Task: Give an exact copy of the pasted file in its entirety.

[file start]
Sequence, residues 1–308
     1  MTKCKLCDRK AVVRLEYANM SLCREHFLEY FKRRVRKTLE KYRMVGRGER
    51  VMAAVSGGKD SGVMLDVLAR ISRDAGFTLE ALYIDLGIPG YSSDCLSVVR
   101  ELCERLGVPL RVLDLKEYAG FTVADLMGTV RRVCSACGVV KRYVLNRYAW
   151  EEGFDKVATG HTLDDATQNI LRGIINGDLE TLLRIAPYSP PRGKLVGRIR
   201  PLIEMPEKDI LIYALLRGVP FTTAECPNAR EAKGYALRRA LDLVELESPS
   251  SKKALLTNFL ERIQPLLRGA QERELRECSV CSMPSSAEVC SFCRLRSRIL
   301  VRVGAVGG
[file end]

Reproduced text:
Sequence, residues 1–308
     1  MTKCKLCDRK AVVRLEYANM SLCREHFLEY FKRRVRKTLE KYRMVGRGER
    51  VMAAVSGGKD SGVMLDVLAR ISRDAGFTLE ALYIDLGIPG YSSDCLSVVR
   101  ELCERLGVPL RVLDLKEYAG FTVADLMGTV RRVCSACGVV KRYVLNRYAW
   151  EEGFDKVATG HTLDDATQNI LRGIINGDLE TLLRIAPYSP PRGKLVGRIR
   201  PLIEMPEKDI LIYALLRGVP FTTAECPNAR EAKGYALRRA LDLVELESPS
   251  SKKALLTNFL ERIQPLLRGA QERELRECSV CSMPSSAEVC SFCRLRSRIL
   301  VRVGAVGG